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Dead-broke debtors dig a way out by selling their burial plots

Dead-broke debtors dig a way out by selling their burial plots
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First Published: Sun, Jan 04 2009. 11 25 PM IST

Grave reality: Saint Johannes Cemetery in Bensenville, Illinois. Many people in America are giving in to financial pressures by selling their burial plots using the Internet, newspaper classifieds or
Grave reality: Saint Johannes Cemetery in Bensenville, Illinois. Many people in America are giving in to financial pressures by selling their burial plots using the Internet, newspaper classifieds or
Updated: Sun, Jan 04 2009. 11 25 PM IST
In an economy on virtual life support, people have been hawking jewellery and furniture to make ends meet. It was only a matter of time before they started selling off burial plots—something they won’t use until the hereafter but whose cash value could keep them afloat in the here and now.
Grave reality: Saint Johannes Cemetery in Bensenville, Illinois. Many people in America are giving in to financial pressures by selling their burial plots using the Internet, newspaper classifieds or private listings. Aynsley Floyd / Bloomberg
“I need the money. Nobody has any money any more,” said health-care marketing specialist Carol Lieberman, whose parents and family are buried at Eden Memorial Park in Mission Hills, where she is trying to sell two adjoining plots.
Lieberman, who grew up in Southern California but now lives in Sarasota, Florida, is one of many people giving in to mounting financial pressures by selling burial plots. In some cases, the sales are breaking up groupings of plots in cemeteries that have marked family trees for generations of Americans.
The economic slump is altering the entire business of dying, increasing the number of cremations, hurting the demand for high-end coffins and funeral services and creating a cottage industry in reselling cemetery plots that financially strapped owners are desperate to unload, experts say.
“People are finding that their burial plot is worth something, and it creates a dreadful dilemma...when times are hard,” said Stan Charnofsky, professor of educational psychology and counselling at California State University, Northridge.
“It’s a decision to make between the history of your family and the current survival of your family.”
“And a lot of people are obviously concluding that it’s more important to survive because you can always buy back your burial plot when times get better.”
People trying to sell their cemetery plots are using everything from Internet sites such as Craigslist and eBay to newspaper classifieds to private listings posted by plot resellers such as Los Angeles-based Plot Brokers, who cite unprecedented business in this poor economy.
“Business is up 9-10 times what it usually is, and, of course, it’s because of the economy,” said Baron Chu, owner of Plot Brokers, which takes burial plots on consignment but also buys plots outright from desperate sellers.
“People who we buy plots from right now are only getting 25 cents on the dollar to what they would have gotten six months ago.”
Just a week ago, an out-of-work 52-year-old Los Angeles woman called his office after being evicted from her home, having her car repossessed and facing life as a homeless person on the streets, he said.
“She had lost everything except the deed to her burial plot,” Chu said. “She got $500 (Rs24,450) to a plot worth $6,800, but it allowed her to move into a hotel for a month where she can live and look for work.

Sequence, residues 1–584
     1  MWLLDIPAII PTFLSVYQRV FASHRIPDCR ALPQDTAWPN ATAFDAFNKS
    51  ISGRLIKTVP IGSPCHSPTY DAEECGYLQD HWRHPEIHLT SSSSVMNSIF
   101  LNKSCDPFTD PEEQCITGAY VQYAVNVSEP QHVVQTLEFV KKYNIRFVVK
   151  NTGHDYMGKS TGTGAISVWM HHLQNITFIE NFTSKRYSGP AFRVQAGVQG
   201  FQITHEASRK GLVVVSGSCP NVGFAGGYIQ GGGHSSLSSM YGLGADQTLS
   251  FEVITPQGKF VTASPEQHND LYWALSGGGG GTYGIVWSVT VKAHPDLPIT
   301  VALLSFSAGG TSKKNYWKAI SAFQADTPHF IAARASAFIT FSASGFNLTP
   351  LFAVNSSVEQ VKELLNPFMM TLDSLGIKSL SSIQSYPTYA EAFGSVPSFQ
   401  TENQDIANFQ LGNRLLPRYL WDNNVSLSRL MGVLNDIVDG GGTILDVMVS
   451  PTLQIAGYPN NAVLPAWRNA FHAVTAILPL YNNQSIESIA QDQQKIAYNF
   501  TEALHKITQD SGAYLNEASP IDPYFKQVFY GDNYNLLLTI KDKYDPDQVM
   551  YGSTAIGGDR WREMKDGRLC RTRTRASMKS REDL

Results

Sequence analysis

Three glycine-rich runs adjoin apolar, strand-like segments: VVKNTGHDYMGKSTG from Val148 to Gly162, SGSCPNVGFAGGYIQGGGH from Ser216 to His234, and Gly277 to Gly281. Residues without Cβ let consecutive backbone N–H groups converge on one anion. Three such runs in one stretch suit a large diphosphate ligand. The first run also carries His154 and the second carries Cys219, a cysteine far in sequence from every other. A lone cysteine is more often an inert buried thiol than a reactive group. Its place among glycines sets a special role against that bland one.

“It kept her out of skid row.”
Most people selling their burial plots haven’t sunk that low, but many view their situation with embarrassment and don’t want to be identified with their circumstances.
One woman, who asked not to be named, became emotionally upset at talking about how the possible sale of her plot meant she wouldn’t be buried with the rest of her family at San Fernando Mission Catholic Cemetery.
“I cannot believe I won’t be buried beside them,” she said.
Some of those selling plots say they plan to downscale their own burial plans in the future-forgoing ornate and expensive caskets, fancy tombstones and even cutting out the limousine rides.
One man selling one of his parents’ two plots said they had decided to use only one and to sell the other.
“My father said he wished to be cremated and have his ashes buried with my mother in her plot,” said John Crayton of Oceanside, who is selling the other burial plot in Rose Hills Memorial Park and Mortuary in Whittier. “So now we don’t need the other one, and the money can always come in handy.”
In Southern California, burial plots—like almost all real estate—cost more than plots anywhere else in the country, with asking prices ranging from $3,000-21,000, depending on location.
In the past, owners of plots have tried to sell them when they moved to other parts of the country or when they got divorced, but plot brokers say they are seeing many people unloading plots because of financial troubles.
Some who need money, such as 68-year-old Sylmar, a security guard who was recently laid off, find that their burial plots offer a good lump sum.
“My father decided to be cremated when he dies because he needs the money from his (burial) plot to live on,” said the security guard’s son, who is trying to broker a deal on eBay for $6,000 or the best offer.
Edward Berreth, who recently moved from the San Fernando Valley to Delano, has been trying to sell four burial plots for months, listing them in newspaper classifieds before turning to plot broker GraveSolutions.com.
“I’m offering a great deal because the money is a good incentive to sell,” he said. “But this isn’t the easiest thing to sell. A burial plot isn’t exactly on anyone’s Christmas-shopping list.”
©2009/the new york times
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First Published: Sun, Jan 04 2009. 11 25 PM IST